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Technical Writing – The Scientific Attitude

Chapter 10
The chief function of a report is the communication of knowledge. However,
since knowledge is not just a collection of information for it involves such things as
investigations, analyses, formulations of conclusions, generalizations, it should be
handled intelligently.
Judicious weighing of evidence is very important in a financial report. The best
evidence is one which is most ample, most pertinent, most simple in explaining the
facts with least additional evidence, and most in harmony with the rest of the
available evidence. The conclusion or recommendations should include all evidences
on which the judgment is made.
▪ Judicious planning now can prevent problems later
Each person may have entirely different assumptions and reach entirely
different conclusions, therefore, it is just necessary to explain the basis of one's work
and put it into proper perspective. And the person who can best interpret is he who has
done the thinking and working. Meaning, the one who writes or makes the report. His
ideas have been based on certain laws or common sense which have guided his work.
▪ This allows the reader to see old things in a new way or new things in a clear way.
It is a general statement about a group of people or things that is based on only
a few people or things in that group.
▪ The act or process of forming opinions that are based on a small amount of
When you make generalizations, you are giving probable conclusions derived
from the observation of factors. You are saying that all items of a class probably have
some specific characteristics in common sense you have observed that many of the
items have these characteristics.
It is a form of classification, but the emphasis hear is on probability (the chance
that something will happen) so that resulting generalizations is an analogy (a
comparison of two things based on their being alike in some way.
1. Uniform generalization
▪ are concerned with whole classes
▪ They lead from specific cases to conclusions about all the members of the class or
The larger the number of cases, the higher is the probability that the conclusion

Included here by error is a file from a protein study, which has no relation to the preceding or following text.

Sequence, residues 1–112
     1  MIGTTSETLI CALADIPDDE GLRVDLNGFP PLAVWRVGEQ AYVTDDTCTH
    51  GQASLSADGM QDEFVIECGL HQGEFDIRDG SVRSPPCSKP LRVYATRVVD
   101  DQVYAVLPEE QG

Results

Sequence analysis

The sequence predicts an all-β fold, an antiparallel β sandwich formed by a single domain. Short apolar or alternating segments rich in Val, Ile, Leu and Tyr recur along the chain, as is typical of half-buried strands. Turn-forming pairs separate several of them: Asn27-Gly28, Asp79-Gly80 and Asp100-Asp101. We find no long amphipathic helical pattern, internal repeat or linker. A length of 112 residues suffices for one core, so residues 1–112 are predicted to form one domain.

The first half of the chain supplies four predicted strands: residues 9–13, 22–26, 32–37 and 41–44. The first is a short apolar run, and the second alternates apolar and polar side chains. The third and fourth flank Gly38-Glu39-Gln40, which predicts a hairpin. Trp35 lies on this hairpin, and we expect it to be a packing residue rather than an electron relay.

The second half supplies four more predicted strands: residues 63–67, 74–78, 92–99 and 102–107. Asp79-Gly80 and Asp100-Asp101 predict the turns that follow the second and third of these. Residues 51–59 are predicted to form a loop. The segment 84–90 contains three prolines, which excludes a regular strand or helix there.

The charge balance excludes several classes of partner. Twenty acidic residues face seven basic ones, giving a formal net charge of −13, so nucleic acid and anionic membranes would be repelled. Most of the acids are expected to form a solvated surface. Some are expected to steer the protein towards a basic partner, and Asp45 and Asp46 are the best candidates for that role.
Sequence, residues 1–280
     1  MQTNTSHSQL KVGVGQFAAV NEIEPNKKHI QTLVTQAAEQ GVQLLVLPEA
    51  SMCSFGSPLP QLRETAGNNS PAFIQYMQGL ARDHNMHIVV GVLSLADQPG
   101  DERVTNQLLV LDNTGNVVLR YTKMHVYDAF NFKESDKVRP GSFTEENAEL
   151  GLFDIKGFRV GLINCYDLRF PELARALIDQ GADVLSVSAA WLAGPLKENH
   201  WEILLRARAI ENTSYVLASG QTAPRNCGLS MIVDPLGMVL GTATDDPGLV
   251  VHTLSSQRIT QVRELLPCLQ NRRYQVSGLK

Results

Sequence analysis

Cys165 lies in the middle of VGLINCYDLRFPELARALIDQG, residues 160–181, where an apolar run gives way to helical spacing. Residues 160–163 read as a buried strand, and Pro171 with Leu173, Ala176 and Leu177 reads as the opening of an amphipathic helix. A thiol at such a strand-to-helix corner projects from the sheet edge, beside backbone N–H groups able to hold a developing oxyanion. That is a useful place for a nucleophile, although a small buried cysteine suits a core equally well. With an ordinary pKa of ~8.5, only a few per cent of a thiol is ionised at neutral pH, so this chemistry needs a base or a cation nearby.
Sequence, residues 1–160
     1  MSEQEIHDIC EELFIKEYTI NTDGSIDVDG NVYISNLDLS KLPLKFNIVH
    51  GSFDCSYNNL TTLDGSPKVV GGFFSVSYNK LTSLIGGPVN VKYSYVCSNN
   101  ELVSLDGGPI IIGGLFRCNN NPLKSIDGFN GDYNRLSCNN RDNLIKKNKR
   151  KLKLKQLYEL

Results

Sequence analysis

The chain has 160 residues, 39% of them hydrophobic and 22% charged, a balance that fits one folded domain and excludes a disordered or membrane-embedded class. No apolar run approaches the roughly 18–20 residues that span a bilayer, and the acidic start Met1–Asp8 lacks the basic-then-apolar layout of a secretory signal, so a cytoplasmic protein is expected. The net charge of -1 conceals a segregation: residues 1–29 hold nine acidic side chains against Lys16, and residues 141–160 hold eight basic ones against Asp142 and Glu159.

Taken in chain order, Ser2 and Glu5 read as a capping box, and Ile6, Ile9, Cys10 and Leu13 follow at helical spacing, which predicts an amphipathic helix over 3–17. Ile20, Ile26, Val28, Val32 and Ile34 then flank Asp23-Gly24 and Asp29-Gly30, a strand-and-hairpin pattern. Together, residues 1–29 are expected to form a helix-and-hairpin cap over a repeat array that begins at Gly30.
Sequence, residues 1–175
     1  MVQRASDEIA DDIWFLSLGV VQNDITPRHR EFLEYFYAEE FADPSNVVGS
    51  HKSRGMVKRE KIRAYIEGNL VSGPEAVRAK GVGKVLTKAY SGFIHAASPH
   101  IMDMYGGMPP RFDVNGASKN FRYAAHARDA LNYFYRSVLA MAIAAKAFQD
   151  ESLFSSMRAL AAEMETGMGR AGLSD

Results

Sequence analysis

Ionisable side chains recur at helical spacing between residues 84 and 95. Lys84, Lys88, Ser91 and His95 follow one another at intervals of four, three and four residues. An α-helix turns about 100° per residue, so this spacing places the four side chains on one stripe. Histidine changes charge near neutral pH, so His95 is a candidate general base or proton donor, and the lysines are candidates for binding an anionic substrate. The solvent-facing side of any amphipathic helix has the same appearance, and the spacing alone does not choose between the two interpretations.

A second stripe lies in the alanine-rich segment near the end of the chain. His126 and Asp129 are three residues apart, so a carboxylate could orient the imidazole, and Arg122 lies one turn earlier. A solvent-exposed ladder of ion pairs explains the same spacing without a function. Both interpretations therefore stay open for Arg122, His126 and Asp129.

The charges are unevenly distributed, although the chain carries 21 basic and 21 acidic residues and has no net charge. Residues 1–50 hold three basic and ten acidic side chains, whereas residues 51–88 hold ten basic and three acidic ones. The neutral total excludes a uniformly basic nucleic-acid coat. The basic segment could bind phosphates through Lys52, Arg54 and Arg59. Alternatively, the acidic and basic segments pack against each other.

is reliable. Quality, however, as well as quantity must be considered to establish a
valid generalization.
If you were inspecting a truckload of materials, you can safely judge the quality
of the whole load from samples picked at random-front, middle, top, and bottom.
2. Statistical generalization
▪ deal with percentages of a class rather than with the class as a whole.
▪ they state that the percentage found in some samples represent the percentage
probably found in the class as a whole.
Sixty-five percent of the school children in Balagtas High School go to school
without breakfast.
Since your report is based on generalizations, it is necessary to describe the
circumstances surrounding your work.
▪ "My generalizations hold true for these conditions."
Provide enough evidence, data, and samples, to enable the reader to evaluate the
generalizations for himself. So that you can be certain that you have followed ground
rules and are not "jumping to conclusions", test the validity of your data and samples.
Here is a suggested checklist:
1. Can I prove its accuracy?
▪ freedom from mistake or error
▪ It must conform with the truth
▪ preciseness, each experiment is performed twice ti ensure accuracy.
▪ use exact fractions and decimal points on the terms and measurement.
2. Can I show the direct bond between fact and generalization?
3. Is it fact and not opinion?
▪ a true piece of information
▪ actual
4. Do I have all the facts?
5. Are they up-to-date?
▪ current, including the latest information newest in information
6. Is the generalization verifiable?
▪ would you get the same result if you did it again?
▪ to show the existence, truth or correctness of something by using evidence, logic,
7. Is it significant?
▪ very important
▪ large enough to be noticed or have an effect